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3.4 Creating Working Image Upload Fields

When dealing with image upload fields, we have two options. The first one is to use an input with the type file and write all the upload-related PHP ourselves.

Alternatively, we could use the new fancy image uploader from WordPress that allows us not only to upload an image, but also to select one from the media library.

Let’s go with the second option!

3.4 Creating Working Image Upload Fields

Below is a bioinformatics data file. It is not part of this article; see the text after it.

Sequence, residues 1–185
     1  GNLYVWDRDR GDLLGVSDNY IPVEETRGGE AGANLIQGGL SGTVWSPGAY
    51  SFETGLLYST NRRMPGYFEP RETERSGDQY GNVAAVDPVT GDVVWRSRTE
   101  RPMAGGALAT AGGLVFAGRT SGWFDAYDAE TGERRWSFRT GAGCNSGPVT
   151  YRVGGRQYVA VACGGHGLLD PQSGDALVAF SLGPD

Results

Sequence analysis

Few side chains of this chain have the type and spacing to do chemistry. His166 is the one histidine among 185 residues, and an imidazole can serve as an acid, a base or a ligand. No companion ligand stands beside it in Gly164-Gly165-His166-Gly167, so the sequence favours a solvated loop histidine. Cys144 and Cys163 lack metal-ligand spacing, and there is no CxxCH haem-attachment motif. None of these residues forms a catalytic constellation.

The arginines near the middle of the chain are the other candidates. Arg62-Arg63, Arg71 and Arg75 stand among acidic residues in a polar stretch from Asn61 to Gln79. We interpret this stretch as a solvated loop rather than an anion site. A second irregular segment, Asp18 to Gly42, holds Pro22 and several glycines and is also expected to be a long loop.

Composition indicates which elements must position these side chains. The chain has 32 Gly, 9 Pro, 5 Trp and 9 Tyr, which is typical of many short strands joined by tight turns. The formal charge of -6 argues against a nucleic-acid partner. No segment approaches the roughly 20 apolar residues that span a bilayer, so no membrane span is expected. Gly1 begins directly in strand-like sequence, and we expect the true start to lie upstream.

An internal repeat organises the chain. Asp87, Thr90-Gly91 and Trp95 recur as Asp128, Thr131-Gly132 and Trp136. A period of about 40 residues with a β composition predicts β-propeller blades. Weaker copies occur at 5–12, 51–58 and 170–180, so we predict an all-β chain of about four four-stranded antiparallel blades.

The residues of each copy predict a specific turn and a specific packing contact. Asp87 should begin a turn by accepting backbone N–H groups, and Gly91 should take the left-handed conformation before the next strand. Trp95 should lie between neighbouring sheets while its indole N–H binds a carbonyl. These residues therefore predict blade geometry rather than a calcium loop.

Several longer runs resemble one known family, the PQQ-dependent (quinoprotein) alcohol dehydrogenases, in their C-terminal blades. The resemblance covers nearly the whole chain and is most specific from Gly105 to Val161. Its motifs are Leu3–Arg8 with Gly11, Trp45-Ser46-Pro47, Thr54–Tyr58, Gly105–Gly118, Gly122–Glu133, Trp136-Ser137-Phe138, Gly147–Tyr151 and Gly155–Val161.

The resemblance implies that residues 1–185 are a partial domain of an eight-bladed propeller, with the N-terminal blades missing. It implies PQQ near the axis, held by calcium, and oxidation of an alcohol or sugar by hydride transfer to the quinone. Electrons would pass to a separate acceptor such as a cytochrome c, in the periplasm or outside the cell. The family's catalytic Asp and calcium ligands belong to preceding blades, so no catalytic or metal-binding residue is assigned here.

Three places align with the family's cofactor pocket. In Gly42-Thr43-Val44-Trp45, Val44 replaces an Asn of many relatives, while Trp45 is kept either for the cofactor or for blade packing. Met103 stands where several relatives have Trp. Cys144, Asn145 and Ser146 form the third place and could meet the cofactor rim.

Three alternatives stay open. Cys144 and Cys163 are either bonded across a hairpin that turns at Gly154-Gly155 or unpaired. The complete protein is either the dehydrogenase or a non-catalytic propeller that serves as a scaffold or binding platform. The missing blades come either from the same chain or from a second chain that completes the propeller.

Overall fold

When dealing with image uploads, we have two options basically. One is to write all the upload code ourselves. We use an input type file, and then we code the whole upload process ourselves. Or option number two is to use the new fancy image uploader from WordPress. That not only allows us to upload an image, but also choose an existing one from the image gallery. That's pretty cool, right? Let's go with option number two because there's less codes to write. We're using existing components and all the behind the scenes processes are handled by WordPress for us. So, to get started, we're gonna write our code in the upload case here. Now this field will be somewhat different from the others because, one, we're gonna have an image control or an image element to show the image that we're uploading. We're gonna have an input type hidden that's gonna hold the path to the image. We're gonna have an input type button and that's gonna allow us to upload a button. We're gonna have another input type button that's gonna allow us to remove the button. And finally, we'll have a paragraph with the class of description. Let's go ahead and write that. So I'm gonna start with an echo, and we're gonna do img src=. I'm gonna say $field_value, this is the variable that we're setting here. So we're either or getting the value from the database or its default value. Now we're gonna set an alt='Logo'. We're gonna give it a class of ap and inside that echo here. So I'm gonna use single quotes. So 'ap-custom-thumbnail'. We're gonna use some custom CSS to style this. And on top of this, I also need to set a $visibility_class. The $visibility_class will basically hide or show the image if there is any content in it. I'm just gonna say $visibility_class and we're gonna define this in just a little bit. And finally, let's add an id and the id will be equal to, we're gonna get the id of the field -thumbnail. And we're gonna close the image tag. Now, what about this $visibility_class? Well, let's go ahead and define it right here. $visibility_class is gonna be equal to. Well, what we're gonna do is we're gonna check the $field_value. If the $field_value is blank then we're gonna set the $visibility_class to nothing, otherwise we're gonna set it to hide. And this allows us to hide an image when that image doesn't have a source or when the field associated with that image doesn't have a source. So, in here we're gonna say this is different than $field_value. Yeah, then, we're gonna assign blank. Otherwise, we're gonna assign, hide. So if $field_value is not empty, this is what it means. $visibility_class will be equal to nothing which means it will be shown, otherwise it's gonna be set to hide. Let’s also write the input that's gonna hold the $field_value and this is a hidden input. We don't want to show it, it makes really no sense to display the path to that image because we are using the media uploader. So we don't have to. So input type='hidden' name='ap_options', again to be able to save it in the database. We're giving it the id of the field -upload-field. We'll use this in just a little bit, and the value is gonna set to the $field_value. Now we're gonna need two buttons, one for uploading the image and one for removing the image. So, for those, we're gonna write the following code. Input type button both. Then both have the class of button. This is a WordPress class, by the way, so WordPress will style it nicely. And then, two additional classes. These are custom, btn-upload-img and remove-img. On the first one, we're giving it a value of upload logo and we're also setting a data-field-id with the id of my current field. We're gonna use this and just a little bit, it's an HTML5 attribute. We're gonna use it in JavaScript to gain access to this button. The second one, the remove button also has the $visibility_class, because if there is no image, there should be no remove button. value='Remove logo', again with the data-field-id, and we're setting the id to the id of the field /, -remove-button. Finally, we're gonna echo a paragraph with a class='description' and inside we're gonna say $ap_fields $id and we're gonna grab the description. So now, if we do a refresh, you're gonna see that we have these two images where it says Logo here and then two buttons, Upload logo, Remove logo. But we're also seeing this old text here, which means an image is missing. But we shouldn't be seeing that because we did set the class of hide. Well, the problem is we haven't defined the class of hide anywhere in our code. To do that and also to be able to work with JavaScript to write our own custom functions, we need to create an enqueue and a few custom scripts. So let's go ahead and do that right now. We're gonna start in the HOOKS right here where I'm gonna say add_action and we're gonna tap into admin_enqueue_scripts. And we're gonna pass in the function ap, we'll call it options_custom_scripts. Now, we're gonna define that function. Let's see where we should define it, HOOKS, RENDER FUNCTIONS, CUSTOM SCRIPTS. Yeah, this is the place. I have function ap_options_custom_scripts(). And in here, we're gonna register a custom script, a custom style. And we're gonna load these scripts, only if we are on the theme options page. Otherwise, there's no point in doing it. So, first thing we'll do is, we're gonna get information about the current page. We're gonna create a variable $screen = get_current_screen, this is a WordPress function. Next, we're going to register a custom script that depends on jQuery which is available from the WordPress core. To do that, we use the wp_register_script function. We give our script an ID. We're setting the path where we can find the script. In our case, it's going to be inside AP theme options. And we're gonna create a folder here, called js. And inside, a new file called ap-custom-admin-styles.js. You can name these whatever you want basically. But this is the name that I chose. And here is a list of dependencies. In our case, our script only depends on jQuery. Then we're gonna register some custom styles. And for that, we're going to use the wp_register_style function. Again, giving this an ID. And then setting the path to the file. In our case it's gonna be inside a new folder called CSS. And the file is called ap-custom-admin-styles.css. Okay, so now that these scripts are registered, we need to load them. But we're only gonna load them, if we're on the theme options page. For that, we're gonna say, if our page has the ID of appearance_page_ap-theme-options. Yeah, if that's gonna be equal to screen id, then we're gonna say wp_enqueue_media. And this is a function that will enqueue all scripts, styles, settings and templates, necessary to use the media JavaScript APIs. In other words, this will allow us to use that fancy new image uploader. Then we're gonna load the custom scripts. For that, we're gonna use the function wp_enqueue script. And we're gonna pass in the ID of our script, which in my case is this. I'm just gonna copy it from here. And we're gonna load the custom styles, with wp_enqueue_style. And we're gonna pass in the ID of our styles from here, all right. Now let's do our refresh to see if everything is okay, no errors. Let's begin by writing our custom CSS. And this is pretty straightforward. We need a style for hide, to hide Our image or remove button. Here we're just gonna say display none. And we'll do important, just to make sure that we're cutting through any pre-existing styles. And then a style for ap-custom-thumbnail. Now remember, these styles that we're loading right now, only affect the backend or the admin part of WordPress, not the frontend. So ap-custom-thumbnail, let's say we're gonna give it a width, well max-width, actually, of 25%. Height of auto. Remember these styles are applied to images. Maybe a margin bottom. About 18 pixels. We'll give it a border. Also to display block, this sometimes get rid of some unwanted margins. And we'll set a padding of 15 pixels. So now if we do a refresh, you'll see that things are a little bit changed. That image is now gone. Now if we click on the upload logo button, nothing happens. Because we need to write some JavaScript that's gonna trigger the image uploader. That's gonna open, we'll be able to select our files, and then come back and put them in our fields. So we're gonna start in our JavaScript files, where I'm gonna say jQuery. Document ready function. Maybe you are not necessarily used to seeing JavaScript written like this. That's because this is kind of a special way of writing JavaScript, when you're inside WordPress. It's called no-conflict mode. It allows you to use the dollar sign to reference stuff, without generating any errors from WordPress. So we're gonna start by declaring a few variables. One is for the current field ID. So we need to know what button we're clicking. And then one for image_uploader. We're gonna use this to trigger the WordPress media uploader. So now let's see what happens when we click the upload button. We're gonna reference the class of btn-upload-image. And we're gonna say, on click function. And we're gonna pass in an event. The first thing we'll do is say, event.preventDefault to get rid of any default behavior that button might have. And then we'll get the ID of the corresponding field. So if the buttons for the main logo, we need to the the ID of that field. We're gonna say current_field_id is gonna be equal to this. And this refers to the button we just clicked. Data and we'll grab field-id. And it's gonna go to the button. And it's gonna get the value from this data-field-id. Next, we're gonna do a check. If the uploader object already exists, reopen it. We're gonna say if( image_uploader ). Then and we'll hit return. Now if the image uploader isn't open, we have to create one by extending the WP media object. And the code for that looks something like this. Essentially, we're creating an uploader object. We're assigning it to image uploader. And we're passing in a few parameters like title, the button text and whether or not we can select multiple images. This is set to false because we only want to select a single image, for a logo, right? Now once we create this object, we'll simply open the uploader. We're gonna say image uploader, open. All right, so let's see if this works. We're gonna do a refresh here. We don't have any errors, warnings, anything like that, we hit upload logo and we're greeted with this dialogue here. So I've already prepared a few images here. I can click on either one and click choose image. Or I can upload a new one if I want, either by selecting files or dropping them directly from my computer. But I'm gonna choose this one, hit Choose image. And when I do that, nothing happens. And that's because we have to write some code, that's gonna handle the selection process. So let's go back here. And we're gonna say, after the file is selected, we're gonna get the URL for the file and set it as the hidden fields value. And we're gonna say image_uploader. On select, we have a function. In here we're gonna say attachment equals image uploader.state.getselection.first.twoJSON. So now the attachment will hold information about the image that we just chose. Now from that information we need the URL, that's pretty much it. So we're gonna say this, we're gonna use the current field ID, the one that we populated here on the top plus upload field. So essentially we are targeting this input type hidden. Because it has the ideal of a field dash upload field. Announce if we close this CSS.vel and we're gonna pass in attachment.url. Next we're gonna show the image from mail and the move button because now we have an image. So we're gonna reference the field with the ID of current field ID plus thumbnail that's the image. And we're gonna send the ATTR SRC to attachement.url. Well the first time we're using attachment URL is to set the value in the hidden field that's gonna be safe to the database, and the second time we're using it is that the SRC of our thumbnail preview image. After we do this we'll simply remove the class of height essentially showing the element. We're gonna do something similar for the button, we're gonna say current field_ID-remove button, here we just have to remove the class of hide. All right so, let's see what we have. Let's do a refresh, let's upload a logo, this one here. And now, this one appears as a preview and we also have the ability to remove it. And if we hit the second button, we get the second logo also with the ability to remove it. Now this does not save the value of the logo in the database or the URL of the logo. So if I do a fresh, these values are gone. If I want to save them to the database, I have to upload them. Same for this. And I have to hit save changes. So now, they're going to be saved and they're going to be displayed on page refresh. The final thing to do here is to write the code for the remove logo button. So the remove logo button, remove image button click. We're gonna reference .btn-remove-img on click. We have a function. We're gonna do the same thing. We're preventing the default behavior. And then we're gonna get the ID of the corresponding upload field. It's exactly the same thing that we did here. So I'm just gonna copy and paste this code. And then, first we'll do is we're gonna remove the field value to do that, or reference the field with an ID, current_field_id +, upload field and we're gonna set the value to nothing basically. And then we're gonna hide the current image, and then we're gonna reference the thumbnail, and we're gonna add, the class of hide. Finally we're gonna hide the button. So we're gonna say this addClass hide. All right, let's give it a try. We're gonna refresh, we're removing the logo, yhat's gone, remove and that's gone as well. Now, again the changes are not yet saved. If I do a refresh the logos are still here, but if I remove these logos, save, they are gone. And then I can upload again, upload them again if I want to. And, it's all gonna work just fine. Well, our theme options page is nearly done. All that's left to do now is add field sanitation and we'll do that in the next lesson.